The OMV rig. Photo: supplied
The OMV rig. Photo: supplied

OPINIONSocietyMarch 6, 2020

OMV oil rig occupiers: eco-bible-bashing villains or modern climate heroes?

The OMV rig. Photo: supplied
The OMV rig. Photo: supplied

These activists are not above the law. But where does the moral line lie in a global emergency, asks Environment Canterbury councillor Lan Pham. *

Be good citizens. Use your manners. Abide by the rules. They’re messages that are drilled into us from an early age, and form part of the social “contract” most of us law-abiding kiwis wouldn’t give a second thought. We also share an almost universal sentiment about leaving this world in a better state for our kids and grandkids. So what happens when this social contract is broken? When the shared sentiments are exposed to be little more than, well, sentiments? What then, is the appropriate response of “good citizens” in disrupting a political and societal system that has ultimately prioritised profits over the planet’s ability to provide a stable climate to younger and future generations?

On Tuesday this week we saw dramatic footage of two climate activists who tied themselves to an OMV drilling rig in the Marlborough Sounds. The company is now asking for action be taken against the pair.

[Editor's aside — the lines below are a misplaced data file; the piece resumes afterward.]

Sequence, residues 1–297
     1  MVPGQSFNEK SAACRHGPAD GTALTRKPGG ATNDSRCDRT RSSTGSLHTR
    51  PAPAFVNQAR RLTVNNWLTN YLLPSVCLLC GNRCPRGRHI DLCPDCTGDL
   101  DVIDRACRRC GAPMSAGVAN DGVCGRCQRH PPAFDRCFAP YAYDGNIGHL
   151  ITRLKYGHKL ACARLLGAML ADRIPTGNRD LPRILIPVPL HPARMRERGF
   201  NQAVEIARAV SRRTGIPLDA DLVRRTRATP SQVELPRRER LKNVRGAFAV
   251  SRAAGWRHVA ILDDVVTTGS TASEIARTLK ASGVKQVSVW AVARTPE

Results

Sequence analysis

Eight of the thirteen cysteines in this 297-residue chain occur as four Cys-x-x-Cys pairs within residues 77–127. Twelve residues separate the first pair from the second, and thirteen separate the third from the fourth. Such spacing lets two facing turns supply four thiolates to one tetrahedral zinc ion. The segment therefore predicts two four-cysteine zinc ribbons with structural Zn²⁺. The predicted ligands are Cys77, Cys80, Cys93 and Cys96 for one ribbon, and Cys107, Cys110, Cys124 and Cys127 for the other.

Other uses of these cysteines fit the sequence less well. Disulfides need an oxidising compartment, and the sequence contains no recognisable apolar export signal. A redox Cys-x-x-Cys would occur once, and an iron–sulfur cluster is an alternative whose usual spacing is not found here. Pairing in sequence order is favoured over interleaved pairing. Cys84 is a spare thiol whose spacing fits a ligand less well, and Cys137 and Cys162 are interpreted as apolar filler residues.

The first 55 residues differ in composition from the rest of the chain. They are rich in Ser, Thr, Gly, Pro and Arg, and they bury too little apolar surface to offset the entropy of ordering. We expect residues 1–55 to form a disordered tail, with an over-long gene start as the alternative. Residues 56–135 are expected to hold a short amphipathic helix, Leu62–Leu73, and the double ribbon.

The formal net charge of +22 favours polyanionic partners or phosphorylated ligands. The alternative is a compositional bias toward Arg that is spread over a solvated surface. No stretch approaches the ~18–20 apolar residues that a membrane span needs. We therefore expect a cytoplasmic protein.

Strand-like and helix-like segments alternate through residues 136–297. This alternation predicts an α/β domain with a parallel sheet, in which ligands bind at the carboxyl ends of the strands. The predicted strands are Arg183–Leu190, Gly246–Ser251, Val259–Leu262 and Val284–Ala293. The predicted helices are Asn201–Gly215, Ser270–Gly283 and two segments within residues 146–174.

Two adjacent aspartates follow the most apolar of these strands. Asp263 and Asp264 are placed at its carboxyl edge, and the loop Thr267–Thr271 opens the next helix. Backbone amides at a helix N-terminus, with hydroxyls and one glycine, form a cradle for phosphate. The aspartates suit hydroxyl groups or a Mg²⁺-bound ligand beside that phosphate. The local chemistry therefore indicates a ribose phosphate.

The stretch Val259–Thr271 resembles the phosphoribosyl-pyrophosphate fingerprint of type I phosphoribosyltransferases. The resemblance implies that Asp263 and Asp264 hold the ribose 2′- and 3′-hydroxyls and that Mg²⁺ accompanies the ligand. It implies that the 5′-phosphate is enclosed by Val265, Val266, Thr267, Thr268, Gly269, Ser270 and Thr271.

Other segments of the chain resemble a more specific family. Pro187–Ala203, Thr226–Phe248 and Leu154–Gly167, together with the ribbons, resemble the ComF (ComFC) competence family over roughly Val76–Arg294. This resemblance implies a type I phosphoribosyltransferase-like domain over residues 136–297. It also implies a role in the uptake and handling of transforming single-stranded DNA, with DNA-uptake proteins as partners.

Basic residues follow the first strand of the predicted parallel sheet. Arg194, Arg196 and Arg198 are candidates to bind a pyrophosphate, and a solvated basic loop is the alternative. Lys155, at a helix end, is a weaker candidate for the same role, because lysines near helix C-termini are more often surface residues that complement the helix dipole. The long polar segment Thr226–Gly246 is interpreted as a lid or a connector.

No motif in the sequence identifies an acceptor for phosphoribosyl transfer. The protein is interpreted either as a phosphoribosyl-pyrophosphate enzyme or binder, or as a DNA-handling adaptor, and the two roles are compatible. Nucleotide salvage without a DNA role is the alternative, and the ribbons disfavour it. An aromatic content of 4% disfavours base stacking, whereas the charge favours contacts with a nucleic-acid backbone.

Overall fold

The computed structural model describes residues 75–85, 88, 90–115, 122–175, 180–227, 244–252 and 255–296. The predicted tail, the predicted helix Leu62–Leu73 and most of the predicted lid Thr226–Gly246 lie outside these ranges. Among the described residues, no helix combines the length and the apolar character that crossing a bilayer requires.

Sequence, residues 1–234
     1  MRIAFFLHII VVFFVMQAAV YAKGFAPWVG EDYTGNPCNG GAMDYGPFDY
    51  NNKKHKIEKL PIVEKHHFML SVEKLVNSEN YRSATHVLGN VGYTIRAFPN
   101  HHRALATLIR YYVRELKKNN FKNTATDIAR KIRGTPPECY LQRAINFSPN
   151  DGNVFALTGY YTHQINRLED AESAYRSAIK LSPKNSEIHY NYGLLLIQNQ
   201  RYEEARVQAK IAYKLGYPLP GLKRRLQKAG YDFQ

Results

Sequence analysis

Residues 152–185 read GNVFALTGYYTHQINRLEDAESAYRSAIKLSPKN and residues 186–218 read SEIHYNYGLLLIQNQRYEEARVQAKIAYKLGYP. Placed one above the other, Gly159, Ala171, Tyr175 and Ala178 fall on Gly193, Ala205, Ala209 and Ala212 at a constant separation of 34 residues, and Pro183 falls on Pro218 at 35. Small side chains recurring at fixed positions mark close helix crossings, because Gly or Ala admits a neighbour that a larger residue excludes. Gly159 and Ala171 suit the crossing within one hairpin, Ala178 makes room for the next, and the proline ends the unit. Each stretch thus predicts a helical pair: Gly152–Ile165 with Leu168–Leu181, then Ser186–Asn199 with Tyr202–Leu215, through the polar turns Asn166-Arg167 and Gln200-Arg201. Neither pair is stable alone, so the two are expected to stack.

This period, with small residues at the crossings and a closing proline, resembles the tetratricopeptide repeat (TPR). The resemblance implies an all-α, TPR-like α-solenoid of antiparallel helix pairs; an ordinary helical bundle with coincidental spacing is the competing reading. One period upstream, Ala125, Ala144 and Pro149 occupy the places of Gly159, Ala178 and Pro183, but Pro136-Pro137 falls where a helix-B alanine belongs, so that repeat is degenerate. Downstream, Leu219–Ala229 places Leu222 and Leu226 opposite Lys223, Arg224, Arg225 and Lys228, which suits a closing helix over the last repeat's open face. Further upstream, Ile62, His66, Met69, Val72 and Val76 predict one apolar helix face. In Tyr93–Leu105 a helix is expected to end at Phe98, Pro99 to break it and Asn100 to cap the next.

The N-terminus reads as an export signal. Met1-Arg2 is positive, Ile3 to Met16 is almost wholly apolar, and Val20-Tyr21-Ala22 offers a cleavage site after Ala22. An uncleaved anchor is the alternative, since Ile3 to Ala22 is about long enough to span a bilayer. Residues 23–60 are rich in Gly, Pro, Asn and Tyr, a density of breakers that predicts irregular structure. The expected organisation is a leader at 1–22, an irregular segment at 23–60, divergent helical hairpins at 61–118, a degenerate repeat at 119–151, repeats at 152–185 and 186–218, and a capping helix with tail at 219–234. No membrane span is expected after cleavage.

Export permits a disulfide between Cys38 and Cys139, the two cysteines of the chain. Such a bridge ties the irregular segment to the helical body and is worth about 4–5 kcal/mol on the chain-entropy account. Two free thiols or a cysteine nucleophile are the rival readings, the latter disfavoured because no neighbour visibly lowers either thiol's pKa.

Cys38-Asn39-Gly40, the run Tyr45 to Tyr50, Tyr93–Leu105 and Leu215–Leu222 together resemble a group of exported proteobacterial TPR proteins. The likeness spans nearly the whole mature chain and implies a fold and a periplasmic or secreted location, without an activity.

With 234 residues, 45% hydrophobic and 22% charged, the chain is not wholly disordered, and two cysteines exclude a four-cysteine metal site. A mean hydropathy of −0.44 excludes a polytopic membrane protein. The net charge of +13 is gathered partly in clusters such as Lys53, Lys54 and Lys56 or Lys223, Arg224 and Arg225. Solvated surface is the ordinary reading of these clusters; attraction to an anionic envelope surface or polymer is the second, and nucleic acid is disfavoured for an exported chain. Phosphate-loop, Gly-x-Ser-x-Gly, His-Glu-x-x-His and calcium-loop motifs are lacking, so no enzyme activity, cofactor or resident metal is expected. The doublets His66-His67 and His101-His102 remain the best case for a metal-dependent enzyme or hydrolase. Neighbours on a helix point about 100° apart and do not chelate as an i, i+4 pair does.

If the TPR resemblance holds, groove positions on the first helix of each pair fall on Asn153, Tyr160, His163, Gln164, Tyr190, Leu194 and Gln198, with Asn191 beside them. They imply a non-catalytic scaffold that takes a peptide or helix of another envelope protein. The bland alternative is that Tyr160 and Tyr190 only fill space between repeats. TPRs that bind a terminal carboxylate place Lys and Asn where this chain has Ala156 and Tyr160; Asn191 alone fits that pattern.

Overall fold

On the face of it, it’s trespassing, plain as day. As a mere mortal with no particular expertise in this area of law it appears to me clear-cut, obviously illegal. Plenty of critics are now calling for the book to be thrown at these activists. It’s worth pointing out, in my experience, that most activists who undertake these sorts of actions expect nothing less. They don’t consider themselves above the law. Potential arrests and charges are well-considered and any resulting consequences are faced realistically as part of the risk and cost of acting for a cause.

That doesn’t mean charges must be accepted without challenge, and what I do know, from reading about cases such as that of the “Waihopai 3” (acquitted in 2010 of charges relating to their 2008 attack on the Waihopai spy base), is that the legalities of these sorts of actions are by no means always clear cut. The context of any action is relevant, and an act that might result in a conviction in one set of circumstances might not in another. The judgement in this case of course rests with our judicial system, should any charges be forthcoming.  Still it leaves the question: are these people our modern day climate heroes or as Shane Jones has previously called them “eco-bible-bashing activists”? It’s a timely consideration.

With climate change, the science has been clear and agreed by an overwhelming majority for decades. The 2018 IPCC report clearly stated if we are to have a 67% chance of limiting global average temperature rises to 1.5deg we had 420 gigatons of CO2 left to emit in that budget as of January 2018. Alarm bells are increasing as we in 2020 race towards extinguishing that budget, but despite this, political responses are yet to prove adequate to keep our world within 1.5deg of warming and reduce the risk of an earth ecosystem collapse unprecedented in the time of human civilisation.

Last week, former UN climate chief Christiana Figueres released a book calling for more civil disobedience as a way to force institutions to respond to the climate crisis.

“Civil disobedience is not only a moral choice, it is also the most powerful way of shaping world politics,” she writes, citing scientific studies on the impact of civil disobedience.